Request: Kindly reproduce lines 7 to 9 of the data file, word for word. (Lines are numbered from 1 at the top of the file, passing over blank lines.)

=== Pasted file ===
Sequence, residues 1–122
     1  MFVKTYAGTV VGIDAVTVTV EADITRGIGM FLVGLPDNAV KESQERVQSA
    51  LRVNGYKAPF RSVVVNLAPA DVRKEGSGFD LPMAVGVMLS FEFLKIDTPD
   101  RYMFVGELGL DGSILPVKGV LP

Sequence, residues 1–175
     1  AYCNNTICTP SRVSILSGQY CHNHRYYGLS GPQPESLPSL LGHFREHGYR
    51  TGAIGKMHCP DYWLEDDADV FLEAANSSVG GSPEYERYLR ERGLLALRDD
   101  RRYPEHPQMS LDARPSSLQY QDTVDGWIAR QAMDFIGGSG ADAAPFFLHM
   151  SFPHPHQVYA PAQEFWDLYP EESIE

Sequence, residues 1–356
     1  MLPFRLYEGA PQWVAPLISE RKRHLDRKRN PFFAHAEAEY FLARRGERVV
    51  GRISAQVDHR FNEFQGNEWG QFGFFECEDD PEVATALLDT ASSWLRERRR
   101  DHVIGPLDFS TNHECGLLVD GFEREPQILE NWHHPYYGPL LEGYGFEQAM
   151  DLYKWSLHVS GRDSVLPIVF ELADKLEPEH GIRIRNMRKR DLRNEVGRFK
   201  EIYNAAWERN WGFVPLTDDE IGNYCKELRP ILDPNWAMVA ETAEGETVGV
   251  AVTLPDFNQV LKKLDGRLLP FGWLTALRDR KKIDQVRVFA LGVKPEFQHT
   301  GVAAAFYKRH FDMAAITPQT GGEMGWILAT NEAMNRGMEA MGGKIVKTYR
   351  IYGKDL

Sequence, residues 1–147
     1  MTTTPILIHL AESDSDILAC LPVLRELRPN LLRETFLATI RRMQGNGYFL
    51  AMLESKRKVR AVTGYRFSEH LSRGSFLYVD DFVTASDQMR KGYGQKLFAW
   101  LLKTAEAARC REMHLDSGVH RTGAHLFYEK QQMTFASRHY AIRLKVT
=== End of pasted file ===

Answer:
    51  TGAIGKMHCP DYWLEDDADV FLEAANSSVG GSPEYERYLR ERGLLALRDD
   101  RRYPEHPQMS LDARPSSLQY QDTVDGWIAR QAMDFIGGSG ADAAPFFLHM
   151  SFPHPHQVYA PAQEFWDLYP EESIE